Ancient Egypt was certainly not the only place that skincare and makeup could be found. The word “cosmetics” actually stems from its use in Ancient Rome. They were typically produced by female slaves known as “cosmetae,” which is where the word “cosmetics” stemmed from. While Ancient Greeks and Romans used the ideas of the Ancient Egyptians, they took their skincare and beauty rituals one step further. Many Greeks and Romans would spend an entire day at the “spa” to focus on their skin. The cosmetae, or cosmetic slaves, would sometimes pluck out individual hairs across their master’s body (mainly the chest, upper lip, backs, arms, and legs) to give them their sleek appearance. To further achieve the “smooth” look, fragrant perfumes and oils were applied after bathing, some shipped from thousands of miles away.
Similar to Egyptians, Greeks and Romans also used natural skincare to protect their skin from the elements. Sand and oils were used to protect their skin from the sun. This wasn’t always to prevent sun damage, as this was not a widely known issue at the time. It was predominately to avoid getting tanned skin, which was commonly associated with the lower class, or those who worked often
outside. Women commonly used white lead, crocodile dung, and chalk in order to lighten the appearance of their skin. They also created face masks with starch and eggs, which were believed to tighten the skin, reduce wrinkles, and keep the face looking as youthful as possible. This was even more common in China, particularly under the Shang Dynasty (in 1760 BC). A powdered face with smooth skin was extremely popular and white powders were used to achieve the whitest complexion possible. Taking it another step further, many also used gels and lotions to permanently bleach their skin. One natural ingredient, that’s still used today in skin whiteners, was songyi mushrooms.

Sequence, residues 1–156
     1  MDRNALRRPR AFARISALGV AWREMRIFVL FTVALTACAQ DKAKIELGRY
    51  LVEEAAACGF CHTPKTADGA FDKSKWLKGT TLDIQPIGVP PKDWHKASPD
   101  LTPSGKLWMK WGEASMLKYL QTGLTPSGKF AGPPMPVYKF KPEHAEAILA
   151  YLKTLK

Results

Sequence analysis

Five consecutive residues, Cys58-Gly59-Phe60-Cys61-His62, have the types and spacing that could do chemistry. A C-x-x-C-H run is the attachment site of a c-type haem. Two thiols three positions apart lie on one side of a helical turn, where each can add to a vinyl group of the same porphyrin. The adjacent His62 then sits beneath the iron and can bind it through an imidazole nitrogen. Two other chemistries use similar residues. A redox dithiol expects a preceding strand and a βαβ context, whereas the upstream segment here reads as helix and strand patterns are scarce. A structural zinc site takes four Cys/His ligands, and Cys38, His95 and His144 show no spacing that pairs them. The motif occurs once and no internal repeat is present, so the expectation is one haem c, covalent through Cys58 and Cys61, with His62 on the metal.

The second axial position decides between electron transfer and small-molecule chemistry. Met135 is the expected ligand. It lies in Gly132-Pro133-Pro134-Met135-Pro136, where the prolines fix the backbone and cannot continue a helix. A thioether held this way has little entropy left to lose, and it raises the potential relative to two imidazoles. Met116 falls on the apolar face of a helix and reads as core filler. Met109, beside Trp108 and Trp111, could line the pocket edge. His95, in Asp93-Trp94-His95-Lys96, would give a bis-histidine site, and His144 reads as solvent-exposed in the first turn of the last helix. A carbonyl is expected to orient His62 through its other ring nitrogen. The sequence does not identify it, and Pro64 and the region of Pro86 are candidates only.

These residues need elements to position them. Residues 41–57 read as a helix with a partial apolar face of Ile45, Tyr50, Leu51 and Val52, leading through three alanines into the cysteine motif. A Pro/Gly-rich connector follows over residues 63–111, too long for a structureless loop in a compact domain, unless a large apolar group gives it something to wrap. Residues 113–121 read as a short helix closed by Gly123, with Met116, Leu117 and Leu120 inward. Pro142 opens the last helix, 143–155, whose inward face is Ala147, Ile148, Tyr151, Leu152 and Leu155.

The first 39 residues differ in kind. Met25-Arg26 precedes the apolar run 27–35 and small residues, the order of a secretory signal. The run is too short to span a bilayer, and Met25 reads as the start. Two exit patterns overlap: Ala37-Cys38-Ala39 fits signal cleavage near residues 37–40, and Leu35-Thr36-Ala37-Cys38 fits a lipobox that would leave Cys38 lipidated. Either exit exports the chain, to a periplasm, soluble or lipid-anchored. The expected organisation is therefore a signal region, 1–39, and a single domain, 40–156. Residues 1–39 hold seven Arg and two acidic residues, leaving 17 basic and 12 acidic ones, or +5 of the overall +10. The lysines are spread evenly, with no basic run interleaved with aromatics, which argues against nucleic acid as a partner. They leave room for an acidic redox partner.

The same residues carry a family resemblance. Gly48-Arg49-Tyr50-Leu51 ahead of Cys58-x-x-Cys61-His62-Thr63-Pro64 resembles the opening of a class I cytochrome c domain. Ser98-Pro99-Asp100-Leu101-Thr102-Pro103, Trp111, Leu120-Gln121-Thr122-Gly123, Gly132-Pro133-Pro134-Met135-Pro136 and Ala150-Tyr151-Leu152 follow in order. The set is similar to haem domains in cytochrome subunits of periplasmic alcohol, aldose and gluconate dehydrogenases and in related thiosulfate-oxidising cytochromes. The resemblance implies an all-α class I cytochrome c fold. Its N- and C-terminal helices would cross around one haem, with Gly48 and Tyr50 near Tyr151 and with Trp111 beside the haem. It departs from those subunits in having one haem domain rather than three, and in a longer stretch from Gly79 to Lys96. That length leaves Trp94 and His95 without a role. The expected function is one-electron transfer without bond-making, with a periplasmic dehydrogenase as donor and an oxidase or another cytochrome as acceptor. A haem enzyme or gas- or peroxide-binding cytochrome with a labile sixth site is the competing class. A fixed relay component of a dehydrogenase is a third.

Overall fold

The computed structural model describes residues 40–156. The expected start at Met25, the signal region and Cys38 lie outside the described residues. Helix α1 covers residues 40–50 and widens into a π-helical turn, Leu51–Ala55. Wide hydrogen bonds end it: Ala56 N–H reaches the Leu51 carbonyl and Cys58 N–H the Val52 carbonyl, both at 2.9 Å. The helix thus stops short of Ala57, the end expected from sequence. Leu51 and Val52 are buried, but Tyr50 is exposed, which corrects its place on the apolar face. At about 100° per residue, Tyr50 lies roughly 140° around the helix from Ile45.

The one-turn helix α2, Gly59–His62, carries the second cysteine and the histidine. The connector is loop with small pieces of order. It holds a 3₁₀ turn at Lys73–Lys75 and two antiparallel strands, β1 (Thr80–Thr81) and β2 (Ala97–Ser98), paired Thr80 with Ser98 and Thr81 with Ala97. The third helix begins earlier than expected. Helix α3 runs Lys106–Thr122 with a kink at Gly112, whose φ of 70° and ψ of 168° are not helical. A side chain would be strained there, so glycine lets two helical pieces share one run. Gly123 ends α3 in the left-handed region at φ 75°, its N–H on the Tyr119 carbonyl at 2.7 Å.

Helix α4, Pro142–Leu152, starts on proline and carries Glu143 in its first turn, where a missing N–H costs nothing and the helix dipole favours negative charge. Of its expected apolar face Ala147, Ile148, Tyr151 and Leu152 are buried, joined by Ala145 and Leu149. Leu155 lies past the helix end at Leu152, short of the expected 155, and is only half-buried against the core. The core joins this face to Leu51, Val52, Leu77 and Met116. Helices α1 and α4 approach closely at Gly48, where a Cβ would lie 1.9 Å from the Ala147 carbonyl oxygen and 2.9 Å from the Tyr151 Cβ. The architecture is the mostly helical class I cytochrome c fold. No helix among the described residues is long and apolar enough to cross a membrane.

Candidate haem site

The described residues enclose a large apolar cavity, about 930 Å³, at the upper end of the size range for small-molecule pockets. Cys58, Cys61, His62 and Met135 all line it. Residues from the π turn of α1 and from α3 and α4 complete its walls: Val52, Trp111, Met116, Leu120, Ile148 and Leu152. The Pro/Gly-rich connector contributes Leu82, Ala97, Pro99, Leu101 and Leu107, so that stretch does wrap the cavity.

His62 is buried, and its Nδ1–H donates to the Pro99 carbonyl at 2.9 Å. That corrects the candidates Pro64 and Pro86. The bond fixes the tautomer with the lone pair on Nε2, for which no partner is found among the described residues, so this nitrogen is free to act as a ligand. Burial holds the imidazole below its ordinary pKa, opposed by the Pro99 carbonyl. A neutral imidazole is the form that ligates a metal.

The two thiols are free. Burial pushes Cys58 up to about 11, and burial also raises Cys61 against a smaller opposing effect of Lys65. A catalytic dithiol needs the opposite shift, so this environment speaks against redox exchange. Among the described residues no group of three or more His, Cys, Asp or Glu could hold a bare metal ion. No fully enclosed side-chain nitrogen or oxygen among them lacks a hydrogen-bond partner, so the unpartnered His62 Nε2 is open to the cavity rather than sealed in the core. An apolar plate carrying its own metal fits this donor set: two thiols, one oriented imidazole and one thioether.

Skin Care Developments in Europe
As skincare moved to Europe and the Middle East, new ingredients and methods were invented and introduced. The first cold cream was developed using rose oil and water, and melting beeswax into it. They used the mineral alum to treat scabs and used olive lead to fight acne. The popularity of skin whitening did not die down, though, and Europeans took it one step further. They combined vinegar and lead to make a whitening foundation and used it to get rid of freckles and whiten their skin. During the Elizabethan Era, many Europeans used this whitening foundation. At the time, it wasn’t popular to wash their faces and/or bodies, so typically, they piled on layer after layer of the whitening foundation to achieve a look as pale as possible.